The mycobiome of the human urinary tract: potential roles for fungi in urology.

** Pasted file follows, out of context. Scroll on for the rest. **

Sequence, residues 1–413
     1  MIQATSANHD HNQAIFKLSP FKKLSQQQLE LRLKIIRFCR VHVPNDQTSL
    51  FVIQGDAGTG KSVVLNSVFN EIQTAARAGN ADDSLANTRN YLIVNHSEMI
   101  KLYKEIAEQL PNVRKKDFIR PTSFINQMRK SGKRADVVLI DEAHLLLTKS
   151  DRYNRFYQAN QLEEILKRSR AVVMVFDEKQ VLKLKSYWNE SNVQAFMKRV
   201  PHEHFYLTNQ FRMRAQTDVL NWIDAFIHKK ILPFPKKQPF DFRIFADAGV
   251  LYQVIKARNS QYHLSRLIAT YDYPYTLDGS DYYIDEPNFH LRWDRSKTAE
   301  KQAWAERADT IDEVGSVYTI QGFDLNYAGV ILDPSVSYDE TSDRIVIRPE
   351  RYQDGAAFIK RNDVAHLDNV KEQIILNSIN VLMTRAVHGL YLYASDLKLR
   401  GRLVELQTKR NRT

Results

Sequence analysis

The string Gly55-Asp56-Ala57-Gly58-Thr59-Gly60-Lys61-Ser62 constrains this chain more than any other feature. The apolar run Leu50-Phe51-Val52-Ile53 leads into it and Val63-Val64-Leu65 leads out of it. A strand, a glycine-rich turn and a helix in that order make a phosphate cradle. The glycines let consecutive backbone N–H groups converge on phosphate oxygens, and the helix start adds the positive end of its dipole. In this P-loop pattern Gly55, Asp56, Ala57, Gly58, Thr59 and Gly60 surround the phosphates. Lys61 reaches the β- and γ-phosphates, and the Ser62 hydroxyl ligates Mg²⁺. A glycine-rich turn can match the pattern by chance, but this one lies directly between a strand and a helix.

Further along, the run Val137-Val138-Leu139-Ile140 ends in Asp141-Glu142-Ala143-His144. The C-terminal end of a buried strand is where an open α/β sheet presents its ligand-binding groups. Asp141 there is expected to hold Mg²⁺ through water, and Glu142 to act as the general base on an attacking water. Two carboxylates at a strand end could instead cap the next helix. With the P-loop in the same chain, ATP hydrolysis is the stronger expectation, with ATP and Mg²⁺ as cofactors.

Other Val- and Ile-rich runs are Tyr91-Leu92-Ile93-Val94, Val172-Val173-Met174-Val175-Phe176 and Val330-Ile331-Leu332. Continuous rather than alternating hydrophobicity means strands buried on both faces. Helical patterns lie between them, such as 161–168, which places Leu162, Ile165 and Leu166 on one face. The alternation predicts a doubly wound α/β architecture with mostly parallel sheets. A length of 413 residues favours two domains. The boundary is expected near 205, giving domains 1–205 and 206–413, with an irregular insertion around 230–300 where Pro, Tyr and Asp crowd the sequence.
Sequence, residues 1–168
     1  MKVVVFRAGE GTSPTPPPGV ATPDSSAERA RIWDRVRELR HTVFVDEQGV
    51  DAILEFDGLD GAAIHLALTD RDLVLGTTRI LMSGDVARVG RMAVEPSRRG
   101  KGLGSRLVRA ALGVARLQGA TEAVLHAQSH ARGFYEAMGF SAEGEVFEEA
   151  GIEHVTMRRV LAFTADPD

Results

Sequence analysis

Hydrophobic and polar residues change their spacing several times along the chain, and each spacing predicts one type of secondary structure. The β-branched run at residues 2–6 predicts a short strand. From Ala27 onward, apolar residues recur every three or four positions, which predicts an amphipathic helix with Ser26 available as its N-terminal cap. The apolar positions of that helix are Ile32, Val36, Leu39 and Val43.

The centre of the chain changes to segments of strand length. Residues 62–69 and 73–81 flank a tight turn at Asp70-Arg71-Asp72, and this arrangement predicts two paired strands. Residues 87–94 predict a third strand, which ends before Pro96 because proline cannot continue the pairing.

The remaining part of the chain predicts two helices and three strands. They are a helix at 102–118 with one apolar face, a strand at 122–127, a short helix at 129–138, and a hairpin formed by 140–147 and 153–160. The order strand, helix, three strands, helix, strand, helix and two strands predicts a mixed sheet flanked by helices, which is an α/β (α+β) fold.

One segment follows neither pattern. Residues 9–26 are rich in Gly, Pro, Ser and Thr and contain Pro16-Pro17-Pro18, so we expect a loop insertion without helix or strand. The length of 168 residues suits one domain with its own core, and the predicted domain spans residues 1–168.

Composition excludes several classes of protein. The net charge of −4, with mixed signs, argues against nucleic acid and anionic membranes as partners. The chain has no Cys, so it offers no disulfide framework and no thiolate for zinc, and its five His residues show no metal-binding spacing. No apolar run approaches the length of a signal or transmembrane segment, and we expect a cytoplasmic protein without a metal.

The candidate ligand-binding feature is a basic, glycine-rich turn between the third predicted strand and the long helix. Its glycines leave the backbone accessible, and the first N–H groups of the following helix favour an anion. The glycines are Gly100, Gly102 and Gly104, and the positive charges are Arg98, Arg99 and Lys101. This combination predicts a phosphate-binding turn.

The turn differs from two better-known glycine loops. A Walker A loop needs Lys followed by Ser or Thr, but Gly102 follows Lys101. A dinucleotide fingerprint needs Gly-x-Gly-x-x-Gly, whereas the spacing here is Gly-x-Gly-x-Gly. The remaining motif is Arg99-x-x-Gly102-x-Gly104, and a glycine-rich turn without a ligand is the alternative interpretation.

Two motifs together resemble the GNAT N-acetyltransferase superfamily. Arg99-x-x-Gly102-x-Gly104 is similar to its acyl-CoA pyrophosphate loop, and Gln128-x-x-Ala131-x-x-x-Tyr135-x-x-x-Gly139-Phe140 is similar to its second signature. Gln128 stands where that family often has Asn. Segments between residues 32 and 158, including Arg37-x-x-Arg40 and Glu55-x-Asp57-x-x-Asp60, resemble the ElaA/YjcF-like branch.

The mycobiome, defined as the fungal microbiota within a host environment, is an important but understudied component of the human microbial ecosystem. New culture-independent approaches to determine microbial diversity, such as next-generation sequencing methods, have discovered specific, characteristic, commensal fungal populations present in different body sites. These studies have also identified diverse patterns in fungal communities associated with various diseases. While alterations in urinary bacterial communities have been noted in disease states, a comprehensive description of the urinary mycobiome has been lacking. Early evidence suggests the urinary mycobiome is a diverse community with high intraindividual variability. In other disease systems, the mycobiome is thought to interact with other biomes and the host to play a role in organ homeostasis and pathology; further study will be needed to elucidate the role fungi play in bladder health and disease.

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